Never agree to a strip search without talking to your lawyer first. It should only ever be conducted at a police station.
If you agree with a police request to search a particular place, piece of property or your person, or to seize a particular thing without a warrant it is termed a “consent search”.
Just because it is called a “consent search” does not mean that the police have carte blanche with such searches. They must first meet strict criteria before valid consent to search or seize can be provided.
Importantly, the consent must be fully informed and voluntary.
This means that if there was any oppressive or coercive behaviour used by the police or anything else that could bring into question the “voluntary” nature of the consent, the evidence could be inadmissible in court and the case dismissed.
It is not only threatening behaviour from the police that can bring a consent search into question.
Another example is when consent is provided only because of persuasive measures taken by the police. For instance, they promise to release an accused person on a Promise to Appear instead of holding them for bail if they consent to a search.
For a consent search to be valid, the police must inform the person of the real reasons why they are performing the search or seizure.
They must inform the individual whether they are a suspect or an accused person, as well as their right to refuse the search, and what may happen as a result of the consent search (for example, any evidence found may be used against them or another person in the future).
The individual concerned must also have the authority to consent to the search – so they cannot provide consent to search someone else (“third-party consent” is not lawful in Canada).
Note, however, that the police do not have to inform the subject of the consent search of their right to consult a lawyer prior to providing consent (a person must only be informed of their right to a lawyer when detained or arrested in Canada).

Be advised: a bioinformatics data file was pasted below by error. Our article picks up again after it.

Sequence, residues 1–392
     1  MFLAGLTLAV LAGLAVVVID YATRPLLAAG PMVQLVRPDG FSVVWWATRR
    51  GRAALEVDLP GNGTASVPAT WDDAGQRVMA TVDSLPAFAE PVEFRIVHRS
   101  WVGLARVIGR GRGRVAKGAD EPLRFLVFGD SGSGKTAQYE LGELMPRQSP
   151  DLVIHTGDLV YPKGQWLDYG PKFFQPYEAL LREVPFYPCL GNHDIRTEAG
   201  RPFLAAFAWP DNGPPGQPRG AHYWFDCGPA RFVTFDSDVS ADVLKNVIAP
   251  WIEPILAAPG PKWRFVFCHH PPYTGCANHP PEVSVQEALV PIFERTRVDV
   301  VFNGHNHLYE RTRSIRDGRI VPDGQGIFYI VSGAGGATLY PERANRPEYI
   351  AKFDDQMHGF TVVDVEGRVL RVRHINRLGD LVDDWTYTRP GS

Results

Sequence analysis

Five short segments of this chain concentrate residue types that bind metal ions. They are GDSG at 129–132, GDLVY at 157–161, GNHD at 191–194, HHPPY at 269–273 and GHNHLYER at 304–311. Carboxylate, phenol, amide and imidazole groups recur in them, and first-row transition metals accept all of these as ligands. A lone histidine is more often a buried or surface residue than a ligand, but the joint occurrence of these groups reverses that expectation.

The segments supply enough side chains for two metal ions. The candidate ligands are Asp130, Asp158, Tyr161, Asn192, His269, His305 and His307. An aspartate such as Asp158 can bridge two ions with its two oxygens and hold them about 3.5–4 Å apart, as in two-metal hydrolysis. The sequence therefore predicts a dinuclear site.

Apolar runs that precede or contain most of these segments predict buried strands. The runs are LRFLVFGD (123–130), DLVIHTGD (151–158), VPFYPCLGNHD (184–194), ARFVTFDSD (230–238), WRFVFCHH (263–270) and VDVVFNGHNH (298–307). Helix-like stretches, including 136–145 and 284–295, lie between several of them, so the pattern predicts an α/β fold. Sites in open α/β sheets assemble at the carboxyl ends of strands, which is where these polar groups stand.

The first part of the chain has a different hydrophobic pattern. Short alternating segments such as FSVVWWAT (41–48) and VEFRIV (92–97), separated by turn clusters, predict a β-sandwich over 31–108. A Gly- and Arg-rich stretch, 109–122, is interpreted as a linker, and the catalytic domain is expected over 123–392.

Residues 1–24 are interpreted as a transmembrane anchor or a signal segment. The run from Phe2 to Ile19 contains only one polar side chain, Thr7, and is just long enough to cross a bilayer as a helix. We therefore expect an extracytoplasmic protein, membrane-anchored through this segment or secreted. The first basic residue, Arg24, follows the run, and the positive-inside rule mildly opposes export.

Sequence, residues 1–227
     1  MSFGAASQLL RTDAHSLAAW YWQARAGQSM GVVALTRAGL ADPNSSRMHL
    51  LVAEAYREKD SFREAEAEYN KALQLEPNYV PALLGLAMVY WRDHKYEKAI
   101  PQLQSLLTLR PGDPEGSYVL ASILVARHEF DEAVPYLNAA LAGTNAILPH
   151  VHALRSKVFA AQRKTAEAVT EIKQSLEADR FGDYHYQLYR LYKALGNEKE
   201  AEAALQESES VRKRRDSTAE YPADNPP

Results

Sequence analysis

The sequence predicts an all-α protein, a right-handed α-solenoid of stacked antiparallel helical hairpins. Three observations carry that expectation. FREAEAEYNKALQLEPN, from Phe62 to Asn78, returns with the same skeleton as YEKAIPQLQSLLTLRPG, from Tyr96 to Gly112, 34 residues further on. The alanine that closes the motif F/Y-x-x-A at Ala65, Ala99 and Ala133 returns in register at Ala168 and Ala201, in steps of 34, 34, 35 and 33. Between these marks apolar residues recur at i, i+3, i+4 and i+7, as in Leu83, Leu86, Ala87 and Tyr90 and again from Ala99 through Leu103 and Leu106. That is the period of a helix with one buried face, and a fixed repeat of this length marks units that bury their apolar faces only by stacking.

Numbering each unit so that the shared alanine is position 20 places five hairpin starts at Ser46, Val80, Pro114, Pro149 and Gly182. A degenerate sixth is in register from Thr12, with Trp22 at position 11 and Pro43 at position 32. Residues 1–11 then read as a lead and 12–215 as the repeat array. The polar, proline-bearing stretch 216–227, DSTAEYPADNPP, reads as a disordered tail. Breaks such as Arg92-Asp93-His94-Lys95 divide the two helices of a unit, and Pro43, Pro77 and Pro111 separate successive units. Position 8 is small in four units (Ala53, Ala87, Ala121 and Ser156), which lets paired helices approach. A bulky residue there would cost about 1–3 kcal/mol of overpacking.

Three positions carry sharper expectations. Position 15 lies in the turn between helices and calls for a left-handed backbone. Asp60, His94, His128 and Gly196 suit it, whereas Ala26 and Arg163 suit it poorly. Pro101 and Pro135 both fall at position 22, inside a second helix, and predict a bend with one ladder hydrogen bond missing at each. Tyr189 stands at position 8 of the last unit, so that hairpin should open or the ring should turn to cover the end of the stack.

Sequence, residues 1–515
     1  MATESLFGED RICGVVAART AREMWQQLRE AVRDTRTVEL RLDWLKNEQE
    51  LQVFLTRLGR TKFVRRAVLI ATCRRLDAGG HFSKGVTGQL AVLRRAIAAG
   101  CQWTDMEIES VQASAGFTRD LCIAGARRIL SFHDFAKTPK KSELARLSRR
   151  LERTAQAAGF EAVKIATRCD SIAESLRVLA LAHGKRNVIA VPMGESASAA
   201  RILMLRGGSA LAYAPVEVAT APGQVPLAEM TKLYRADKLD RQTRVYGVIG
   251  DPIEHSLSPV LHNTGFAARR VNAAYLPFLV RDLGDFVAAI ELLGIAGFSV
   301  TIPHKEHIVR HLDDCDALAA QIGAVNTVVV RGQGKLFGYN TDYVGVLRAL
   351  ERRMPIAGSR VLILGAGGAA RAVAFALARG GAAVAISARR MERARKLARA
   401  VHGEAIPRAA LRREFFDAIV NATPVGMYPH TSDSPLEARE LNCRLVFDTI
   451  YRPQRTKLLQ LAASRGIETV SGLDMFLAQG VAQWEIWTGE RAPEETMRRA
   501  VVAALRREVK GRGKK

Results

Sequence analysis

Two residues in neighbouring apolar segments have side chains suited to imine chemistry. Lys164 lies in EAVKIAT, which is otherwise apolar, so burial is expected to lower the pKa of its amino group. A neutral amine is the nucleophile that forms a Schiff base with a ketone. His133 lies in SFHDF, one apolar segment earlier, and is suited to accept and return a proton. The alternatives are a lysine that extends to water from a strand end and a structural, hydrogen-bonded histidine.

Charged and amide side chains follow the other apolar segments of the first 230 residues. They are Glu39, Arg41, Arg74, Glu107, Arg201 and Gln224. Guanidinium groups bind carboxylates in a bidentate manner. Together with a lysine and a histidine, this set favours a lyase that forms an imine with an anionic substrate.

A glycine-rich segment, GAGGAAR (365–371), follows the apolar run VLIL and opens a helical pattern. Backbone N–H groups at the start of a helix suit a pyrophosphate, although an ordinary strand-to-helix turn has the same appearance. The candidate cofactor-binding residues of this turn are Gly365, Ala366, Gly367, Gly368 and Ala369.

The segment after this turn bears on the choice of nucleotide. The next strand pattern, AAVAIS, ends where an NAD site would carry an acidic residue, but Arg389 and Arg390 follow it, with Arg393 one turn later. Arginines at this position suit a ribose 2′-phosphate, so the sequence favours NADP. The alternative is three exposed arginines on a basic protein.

Unreasonable search and seizure in Ontario and your rights
As mentioned, you are protected in the Canadian Charter of Rights and Freedoms from unreasonable search and seizure.
This applies whether you are at home, in a vehicle or on the street. Your rights are enshrined in the Charter.
Unless the police follow the law to the letter in this respect and conduct the search in a reasonable manner, the charges against you may not proceed to trial.
If the police possess a search warrant, they have judicial authorization to enter and search a place for evidence of a crime (e.g. drugs, firearms, etc.).
In such cases, the police may enter your property by force at any time, day or night, to perform the search, seize evidence (if applicable), and arrest people (if necessary).
Police may also be able to enter your home legally when they have an arrest warrant for a wanted person. The validity of these warrants (like search warrants) may be challenged later in court.
Need help with unreasonable search and seizure?
Unreasonable search and seizure is relatively common in criminal investigations in Ontario.
The lawyers at Friedman Mansour LLP are well accustomed to closely inspecting the actions of police during search, investigation, arrest, and charging suspects.